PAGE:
12 Next, note how the apostle Paul linked the qualities of faith and righteousness. “By faith,” wrote Paul, “Abel offered God a sacrifice of greater worth than that of Cain, and through that faith he received the witness that he was righteous.” (Heb. 11:4) Paul’s words indicate that unlike Cain, Abel was motivated by lifelong, heartfelt faith in Jehovah and in His way of doing things.
13. What does Abel’s example teach us?
13 Abel’s example teaches us that pure worship can come only from a heart that has pure motives—a heart full of faith in Jehovah and in complete agreement with his righteous standards. In addition, we learn that pure worship requires more than a single act of devotion. It involves our whole life, our entire course of conduct.
The Patriarchs Follow the Pattern
14. Why did Jehovah accept the gifts offered by Noah, Abraham, and Jacob?
14 Abel was the first imperfect man to offer Jehovah pure worship, but he was by no means the last. The apostle Paul mentions others who worshipped Jehovah acceptably—such men as Noah, Abraham, and Jacob. (Read Hebrews 11:7, 8, 17-21.) At some point in their lives, each of these patriarchs offered Jehovah a sacrifice, and God approved their gifts. Why? Because these men did more than perform formal acts of devotion—each of them also fulfilled all the key requirements of pure worship. Consider their examples.
15, 16. How did Noah fulfill the four key requirements of pure worship?
15 Noah was born just 126 years after Adam died; yet, he grew up in a world perverted by false worship.* (Gen. 6:11) Of all the families alive on earth just prior to the Flood, only Noah and his family served Jehovah acceptably. (2 Pet. 2:5) After surviving the Flood, Noah felt moved to construct an altar, the first specifically mentioned in the Bible, and to offer sacrifices to Jehovah. By this heartfelt act, Noah sent a clear message to his family and to the rest of the human race that would descend from him—Jehovah is the only worthy recipient of worship. Of all the animals available to him for sacrifice, Noah chose “some of all the clean animals and of all the clean flying creatures.” (Gen. 8:20) These were the best quality offerings because Jehovah himself had declared them clean.—Gen. 7:2.
16 Noah offered these burnt sacrifices on the altar he built. Was this manner of worship acceptable? Yes. The account says that Jehovah found the aroma from the offering pleasing and then blessed Noah and his sons. (Gen. 8:21; 9:1) However, Jehovah accepted the offering primarily because of Noah’s motive for giving it. The sacrifices were one more expression of Noah’s strong faith in Jehovah and in His way of doing things. Because Noah so consistently obeyed Jehovah and upheld His standards, the Bible says that he “walked with the true God.” As a result, Noah gained a lasting reputation as a righteous man.—Gen. 6:9; Ezek. 14:14; Heb. 11:7.
17, 18. How did Abraham fulfill the four key requirements of pure worship?
17 Abraham was surrounded by false worship. The city of Ur, Abraham’s home, was dominated by a temple honoring the moon-god Nanna.* Even Abraham’s own father at one time worshipped false gods. (Josh. 24:2) Yet, Abraham chose to worship Jehovah. He likely learned about the true God from his ancestor Shem, one of Noah’s sons. Their lives overlapped by 150 years.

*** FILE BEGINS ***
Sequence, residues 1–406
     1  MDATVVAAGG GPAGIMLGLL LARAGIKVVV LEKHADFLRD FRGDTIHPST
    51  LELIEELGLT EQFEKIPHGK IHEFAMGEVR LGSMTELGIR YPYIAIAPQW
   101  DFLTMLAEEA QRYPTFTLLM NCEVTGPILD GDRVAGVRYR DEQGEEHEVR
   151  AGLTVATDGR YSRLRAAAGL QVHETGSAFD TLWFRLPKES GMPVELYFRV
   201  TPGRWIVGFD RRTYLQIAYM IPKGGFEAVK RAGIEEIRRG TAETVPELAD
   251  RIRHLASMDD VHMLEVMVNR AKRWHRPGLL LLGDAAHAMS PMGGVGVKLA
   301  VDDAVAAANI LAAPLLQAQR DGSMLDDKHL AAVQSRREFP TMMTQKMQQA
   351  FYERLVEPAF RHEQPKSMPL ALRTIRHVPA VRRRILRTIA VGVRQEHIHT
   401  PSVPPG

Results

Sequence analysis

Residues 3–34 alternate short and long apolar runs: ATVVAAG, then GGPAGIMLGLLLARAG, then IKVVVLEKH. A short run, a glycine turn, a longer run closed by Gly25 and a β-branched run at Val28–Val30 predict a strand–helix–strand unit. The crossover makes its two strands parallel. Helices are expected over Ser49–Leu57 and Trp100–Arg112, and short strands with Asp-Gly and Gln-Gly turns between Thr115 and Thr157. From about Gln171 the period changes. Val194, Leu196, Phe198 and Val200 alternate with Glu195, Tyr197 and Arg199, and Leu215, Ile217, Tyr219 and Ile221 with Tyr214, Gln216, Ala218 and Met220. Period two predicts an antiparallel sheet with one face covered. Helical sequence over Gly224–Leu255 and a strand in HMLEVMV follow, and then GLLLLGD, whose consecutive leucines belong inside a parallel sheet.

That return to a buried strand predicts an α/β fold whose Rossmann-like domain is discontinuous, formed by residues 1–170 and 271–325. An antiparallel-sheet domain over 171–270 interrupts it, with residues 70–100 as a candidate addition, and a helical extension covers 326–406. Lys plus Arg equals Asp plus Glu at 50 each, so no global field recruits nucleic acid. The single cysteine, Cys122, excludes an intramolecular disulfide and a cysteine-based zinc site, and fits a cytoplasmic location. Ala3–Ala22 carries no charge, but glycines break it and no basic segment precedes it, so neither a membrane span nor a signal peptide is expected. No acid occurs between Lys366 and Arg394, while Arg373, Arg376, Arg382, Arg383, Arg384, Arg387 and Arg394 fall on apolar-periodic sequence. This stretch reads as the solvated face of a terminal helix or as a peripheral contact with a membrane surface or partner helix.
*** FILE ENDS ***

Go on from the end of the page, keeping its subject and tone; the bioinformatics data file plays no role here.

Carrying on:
18 Throughout his long life, Abraham offered many sacrifices. But these formal acts of worship were always directed to the only worthy recipient, Jehovah. (Gen. 12:8; 13:18; 15:8-10) Was Abraham prepared to give Jehovah the best quality offering? That question was answered beyond doubt when Abraham showed his willingness to sacrifice his beloved son, Isaac. On that occasion, Jehovah spelled out exactly the manner in which Abraham should make the sacrifice. (Gen. 22:1, 2) And Abraham was willing to follow that direction down to the last detail. It was Jehovah who stopped Abraham from actually killing his son. (Gen. 22:9-12) Jehovah accepted Abraham’s acts of worship because they were offered by a man whose motives were pure. “Abraham put faith in Jehovah,” wrote Paul, “and it was counted to him as righteousness.”—Rom. 4:3.
19, 20. How did Jacob fulfill the four key requirements of pure worship?
19 Jacob spent much of his life in Canaan, the land Jehovah had promised to Abraham and his descendants. (Gen. 17:1, 8) It was a place where people had become engrossed in worship so perverted that Jehovah said that the land would “vomit its inhabitants out.” (Lev. 18:24, 25) When he was 77 years old, Jacob left Canaan, married, and later returned with a large household. (Gen. 28:1, 2; 33:18) Some of his family, however, had been influenced by false worship. Even so, when Jehovah invited Jacob to go to Bethel and build an altar, Jacob acted decisively. He first told his family: “Get rid of the foreign gods that are in your midst, and cleanse yourselves.” He then faithfully followed the instructions he had received.—Gen. 35:1-7.
20 Jacob built a number of altars in the Promised Land, but the recipient of his worship was always Jehovah. (Gen. 35:14; 46:1) The quality of his sacrifices, the manner in which he worshipped God, and his motive for doing so were such that the Bible refers to Jacob as “blameless,” an expression that describes those who are approved by God. (Gen. 25:27) By his entire life course, Jacob set an outstanding example for the nation of Israel, which would descend from him.—Gen. 35:9-12.
21. What can we learn about pure worship from the examples set by the patriarchs?
21 What can we learn about pure worship from the examples set by the patriarchs? Like them, we are surrounded by people, maybe even family members, who could distract us from giving Jehovah exclusive devotion. To resist such pressure, we must develop strong faith in Jehovah and be convinced that his righteous standards are best. We express that faith by obeying Jehovah and by devoting our time, energy, and resources to serving him. (Matt. 22:37-40; 1 Cor. 10:31) How encouraging it is to know that when we worship Jehovah to the best of our ability, in the way he asks, and with pure motives, he views us as righteous!—Read James 2:18-24.
A Nation Devoted to Pure Worship
22-24. How did the Law emphasize the importance of the recipient, the quality, and the manner of Israel’s sacrifices?
22 Jehovah provided Jacob’s descendants with the Law code, leaving them in no doubt about what he required of them. If they obeyed Jehovah, they would become his “special property” and “a holy nation.” (Ex. 19:5, 6) Notice how the Law emphasized the four key elements of pure worship.